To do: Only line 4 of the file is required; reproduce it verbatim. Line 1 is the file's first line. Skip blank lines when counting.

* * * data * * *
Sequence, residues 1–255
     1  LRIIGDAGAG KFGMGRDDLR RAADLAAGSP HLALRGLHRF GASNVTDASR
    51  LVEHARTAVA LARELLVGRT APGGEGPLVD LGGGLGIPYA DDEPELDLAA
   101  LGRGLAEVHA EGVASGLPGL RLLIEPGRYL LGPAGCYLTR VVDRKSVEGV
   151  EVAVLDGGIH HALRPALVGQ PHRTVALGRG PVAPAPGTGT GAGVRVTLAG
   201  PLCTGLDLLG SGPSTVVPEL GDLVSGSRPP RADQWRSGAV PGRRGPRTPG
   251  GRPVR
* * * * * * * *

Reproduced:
   101  LGRGLAEVHA EGVASGLPGL RLLIEPGRYL LGPAGCYLTR VVDRKSVEGV